By Keerthi Chandrashekar / ( | First Posted: Mar 11, 2013 09:02 PM EDT

(Photo : SpaceX)

As space technology in the United States is increasingly taking a market swing towards the private sector, well-known NASA compatriot SpaceX has just demonstrated another feat free of government intervention - a rocket that has is reusable after a leap into the skies.

Dubbed the "Grasshopper," the rocket was launched 24 stories (262.8 feet) into the air before navigating a landing so that it can be reused. 

"Grasshopper touched down with its most accurate precision thus far on the centermost part of the launch pad. At touchdown, the thrust to weight ratio of the vehicle was greater than one, proving a key landing algorithm for Falcon 9. The test was completed at SpaceX's rocket development facility in McGregor, Texas," reads a press release from the company. 

You can watch a video of the launch straight off SpaceX's website.

And this is no easy feat. The Grasshopper rocket stands at 10 stories tall, and providing that kind of piece of machinery with the logistics to be reused is something SpaceX will surely tout in the coming years of NASA budgetary constraints.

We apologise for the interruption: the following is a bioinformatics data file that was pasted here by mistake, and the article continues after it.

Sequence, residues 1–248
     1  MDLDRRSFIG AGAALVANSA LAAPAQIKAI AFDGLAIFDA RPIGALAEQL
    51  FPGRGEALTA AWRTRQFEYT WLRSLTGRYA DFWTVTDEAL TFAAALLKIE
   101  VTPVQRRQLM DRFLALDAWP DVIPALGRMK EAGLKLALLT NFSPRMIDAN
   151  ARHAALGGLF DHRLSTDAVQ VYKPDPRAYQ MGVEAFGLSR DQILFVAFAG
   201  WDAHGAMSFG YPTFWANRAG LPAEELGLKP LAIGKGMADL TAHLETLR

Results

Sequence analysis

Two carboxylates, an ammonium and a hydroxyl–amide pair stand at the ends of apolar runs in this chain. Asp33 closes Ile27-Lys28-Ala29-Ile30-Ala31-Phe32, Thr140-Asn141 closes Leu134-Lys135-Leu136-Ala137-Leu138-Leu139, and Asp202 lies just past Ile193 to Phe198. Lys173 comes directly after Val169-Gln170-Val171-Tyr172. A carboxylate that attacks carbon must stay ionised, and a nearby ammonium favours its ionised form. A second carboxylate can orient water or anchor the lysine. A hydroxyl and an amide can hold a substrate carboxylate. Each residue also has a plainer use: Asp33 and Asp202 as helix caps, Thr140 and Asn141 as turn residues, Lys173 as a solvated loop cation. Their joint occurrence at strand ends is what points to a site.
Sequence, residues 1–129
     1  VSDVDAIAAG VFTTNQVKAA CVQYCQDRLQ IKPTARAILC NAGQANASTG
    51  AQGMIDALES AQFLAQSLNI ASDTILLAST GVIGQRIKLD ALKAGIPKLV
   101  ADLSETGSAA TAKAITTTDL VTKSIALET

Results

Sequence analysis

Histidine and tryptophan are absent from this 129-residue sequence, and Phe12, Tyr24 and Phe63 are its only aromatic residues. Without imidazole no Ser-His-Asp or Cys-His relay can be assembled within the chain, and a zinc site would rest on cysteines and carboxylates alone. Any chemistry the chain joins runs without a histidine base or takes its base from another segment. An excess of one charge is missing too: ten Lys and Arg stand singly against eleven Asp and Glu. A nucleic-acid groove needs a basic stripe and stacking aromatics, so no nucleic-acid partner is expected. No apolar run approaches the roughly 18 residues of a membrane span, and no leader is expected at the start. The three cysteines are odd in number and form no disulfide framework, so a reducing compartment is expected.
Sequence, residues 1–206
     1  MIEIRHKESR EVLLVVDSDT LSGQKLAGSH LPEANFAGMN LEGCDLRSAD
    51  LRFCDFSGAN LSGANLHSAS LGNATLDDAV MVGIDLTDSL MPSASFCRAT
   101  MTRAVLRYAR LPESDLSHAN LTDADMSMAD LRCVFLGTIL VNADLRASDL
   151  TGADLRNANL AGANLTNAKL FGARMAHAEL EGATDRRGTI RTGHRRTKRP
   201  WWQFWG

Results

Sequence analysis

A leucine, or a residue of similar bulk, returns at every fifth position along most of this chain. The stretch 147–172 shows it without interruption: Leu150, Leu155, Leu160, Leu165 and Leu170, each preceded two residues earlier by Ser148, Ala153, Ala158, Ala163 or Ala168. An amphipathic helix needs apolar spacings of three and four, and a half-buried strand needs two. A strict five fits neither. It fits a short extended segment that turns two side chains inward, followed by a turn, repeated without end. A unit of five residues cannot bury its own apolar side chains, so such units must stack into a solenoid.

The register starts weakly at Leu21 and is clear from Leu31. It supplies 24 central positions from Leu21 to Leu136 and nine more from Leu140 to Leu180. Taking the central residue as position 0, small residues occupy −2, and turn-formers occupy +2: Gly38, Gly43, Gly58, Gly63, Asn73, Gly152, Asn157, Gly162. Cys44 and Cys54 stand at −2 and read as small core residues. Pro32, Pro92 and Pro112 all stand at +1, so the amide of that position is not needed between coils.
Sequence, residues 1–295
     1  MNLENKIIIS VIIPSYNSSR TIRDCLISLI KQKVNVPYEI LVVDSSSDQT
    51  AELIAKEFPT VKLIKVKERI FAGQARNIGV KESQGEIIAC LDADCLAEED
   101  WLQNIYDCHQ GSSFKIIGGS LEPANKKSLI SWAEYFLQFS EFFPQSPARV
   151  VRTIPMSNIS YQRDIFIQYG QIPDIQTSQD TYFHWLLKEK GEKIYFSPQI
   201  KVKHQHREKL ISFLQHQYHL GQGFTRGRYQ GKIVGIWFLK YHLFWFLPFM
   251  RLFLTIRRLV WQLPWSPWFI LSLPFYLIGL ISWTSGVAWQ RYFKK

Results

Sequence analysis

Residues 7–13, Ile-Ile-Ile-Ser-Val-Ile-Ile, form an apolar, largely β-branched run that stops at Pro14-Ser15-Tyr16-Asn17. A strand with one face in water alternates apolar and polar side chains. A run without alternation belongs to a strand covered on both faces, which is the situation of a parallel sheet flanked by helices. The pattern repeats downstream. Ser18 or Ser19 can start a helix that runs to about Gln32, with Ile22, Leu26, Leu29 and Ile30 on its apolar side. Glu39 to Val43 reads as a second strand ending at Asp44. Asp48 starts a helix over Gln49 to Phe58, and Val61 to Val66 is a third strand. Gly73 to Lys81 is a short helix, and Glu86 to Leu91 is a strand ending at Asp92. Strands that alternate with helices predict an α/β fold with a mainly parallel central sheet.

The flight marks the fourth test of the Grasshopper, which has previously risen to heights of 8.2 feet, 17.7 feet, and 131 feet. 

According to SpaceX, "Grasshopper stands 10 stories tall and consists of a Falcon 9 rocket first stage tank, Merlin 1D engine, four steel and aluminum landing legs with hydraulic dampers, and a steel support structure."

Now that NASA has retired its space shuttle fleet, the technology and ideas behind a reusable vertical and takeoff and landing vehicle should be quite the catch. Let's hope that it can help spur more missions since it requires less overhead.

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